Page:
When President Trump announced new tariffs on steel and aluminum earlier this month, he launched a vigorous debate over the value of protectionist policies. It was, in fact, the revival of a debate that runs through American history — and it turns out that the 45th president may have a lot to learn from the experience of the 25th.
In making his announcement, Trump cited President William McKinley, who had a long record as a staunch protectionist.
You don’t find McKinley cited very often on much of anything. The Library of Congress does have film of McKinley talking about trade in his final speech, given the day before his assassination in Buffalo, New York, but the film is so old, dating back to 1901, that there wasn’t any sound recorded.
I wanted to learn more about McKinley and about how he fits into this whole trade discussion. As Harry Truman once said, “The only thing new in the world is the history you don’t know.”
So, I went straight to an expert who would know: Robert W. Merry. Merry is an accomplished author and the editor of The American Conservative. Last fall, he published a new biography of McKinley, entitled “President McKinley: Architect of the American Century.” (Spoiler alert: it’s a great read.)
Merry was kind enough to answer my questions. In short, he told me that sometimes protectionist policies are exactly what America has needed. Other times, well, not so much. To everything there is a season. And McKinley’s experience with tariffs is a vivid illustration of exactly that.
Here is our full exchange over email:
John Kirby: The United States has had a fluctuating interest in protectionism for much of our history, swaying back and forth with the political winds. Has protectionism proven effective at times? And if so, under what sorts of circumstances?
Robert Merry: The reality is that America has had times of great prosperity under both free trade and protectionist policies and also has had times of economic difficulty under both free trade and protectionist policies. It depends on the economic context and also on the nature of the policies.
Obviously, the Smoot-Hawley tariffs of 1930 were a disaster, placing very high duties (about 20% higher) on some 20,000 imported goods. Alexander Hamilton’s tariffs, the country’s first, placed duties of only about 8% on average. But under the Tariff of 1828 — better known as the “Tariff of Abominations” — enacted in the John Quincy Adams administration, rates went up by an average of about 50%. That was obviously too high.
So beware of the ideological approach that suggests all tariffs are bad, all free trade is good, or that protectionism per se is either bad or good.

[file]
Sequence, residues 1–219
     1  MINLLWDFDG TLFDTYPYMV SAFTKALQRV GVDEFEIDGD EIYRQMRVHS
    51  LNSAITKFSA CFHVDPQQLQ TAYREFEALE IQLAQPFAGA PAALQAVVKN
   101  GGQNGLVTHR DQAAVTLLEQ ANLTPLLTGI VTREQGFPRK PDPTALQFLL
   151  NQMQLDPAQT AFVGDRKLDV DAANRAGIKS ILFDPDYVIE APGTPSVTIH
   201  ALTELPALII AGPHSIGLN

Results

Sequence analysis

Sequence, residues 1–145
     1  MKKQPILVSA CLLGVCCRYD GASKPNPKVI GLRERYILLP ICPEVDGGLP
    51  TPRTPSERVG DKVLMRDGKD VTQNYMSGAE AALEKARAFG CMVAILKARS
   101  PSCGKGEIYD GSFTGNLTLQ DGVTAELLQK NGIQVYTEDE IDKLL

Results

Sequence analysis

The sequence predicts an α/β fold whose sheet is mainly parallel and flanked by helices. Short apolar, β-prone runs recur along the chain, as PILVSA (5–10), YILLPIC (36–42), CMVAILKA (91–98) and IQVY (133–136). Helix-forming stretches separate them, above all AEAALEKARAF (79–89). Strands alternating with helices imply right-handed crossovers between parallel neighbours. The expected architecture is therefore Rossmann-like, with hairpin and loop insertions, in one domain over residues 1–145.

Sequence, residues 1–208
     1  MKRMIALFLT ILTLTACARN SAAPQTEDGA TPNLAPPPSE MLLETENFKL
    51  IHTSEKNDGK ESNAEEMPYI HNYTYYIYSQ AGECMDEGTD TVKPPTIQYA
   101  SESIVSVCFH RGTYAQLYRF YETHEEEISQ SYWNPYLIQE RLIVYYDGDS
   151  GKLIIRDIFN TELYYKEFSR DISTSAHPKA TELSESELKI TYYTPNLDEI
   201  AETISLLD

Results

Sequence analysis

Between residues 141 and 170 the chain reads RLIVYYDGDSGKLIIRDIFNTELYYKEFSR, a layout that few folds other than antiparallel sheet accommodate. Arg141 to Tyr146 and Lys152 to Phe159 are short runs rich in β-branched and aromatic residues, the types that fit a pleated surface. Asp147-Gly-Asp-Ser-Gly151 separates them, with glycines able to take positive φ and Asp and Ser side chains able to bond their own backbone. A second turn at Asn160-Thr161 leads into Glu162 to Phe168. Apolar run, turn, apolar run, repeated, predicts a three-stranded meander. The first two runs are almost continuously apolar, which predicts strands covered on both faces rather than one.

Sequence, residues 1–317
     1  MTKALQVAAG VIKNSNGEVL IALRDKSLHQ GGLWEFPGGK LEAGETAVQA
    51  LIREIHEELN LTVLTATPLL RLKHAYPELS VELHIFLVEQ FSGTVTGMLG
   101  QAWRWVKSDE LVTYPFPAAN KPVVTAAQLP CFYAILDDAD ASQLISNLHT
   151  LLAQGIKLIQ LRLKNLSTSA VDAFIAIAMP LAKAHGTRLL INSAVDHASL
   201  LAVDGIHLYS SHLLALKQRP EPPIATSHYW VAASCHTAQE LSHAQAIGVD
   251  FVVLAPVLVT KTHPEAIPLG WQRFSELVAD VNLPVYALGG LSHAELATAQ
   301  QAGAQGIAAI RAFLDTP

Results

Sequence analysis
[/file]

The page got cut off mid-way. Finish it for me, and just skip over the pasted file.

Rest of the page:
JK: President Trump cited President McKinley when he announced his new tariff policy. As you detail in your new biography of him, McKinley had been for much of his political career a staunch protectionist, helping write into law significant duties on woolens, cotton products, iron, steel and metal products. He also placed duties for the first time on agricultural products.
Did those tariffs have the desired effect?
RM: The Republican Party was the protectionist party, as was the forerunner Whig Party and the Whigs’ forerunner Federalists. Henry Clay was a protectionist, as was Lincoln.
The protectionist regimen of the post-Civil War years certainly didn’t hamper US economic growth, which exploded upon the domestic scene with the advent of industrialization. America was a vast market, and the country was generating amazing manufacturing and agricultural output to serve that market.
In such a context, there is merit in erecting some barriers to keep out cheap competition. It may have increased prices a bit, but everyone was benefiting from the rapid economic growth.
JK: Later, as President, McKinley softened his stance on tariffs, arguing in a speech — the day before he was assassinated in 1901 — that the “period of exclusiveness is past. … Commercial wars are unprofitable. A policy of good will and friendly trade relations will prevent reprisals.”
What caused McKinley to change his views, and how did he reconcile that? What new approach did he advocate?
RM: McKinley understood that America’s industrial and agricultural productivity was beginning to outpace the domestic market. He saw the prospect of more goods flowing out than there were buyers on the domestic scene. Hence it would be necessary for America to sell its products overseas.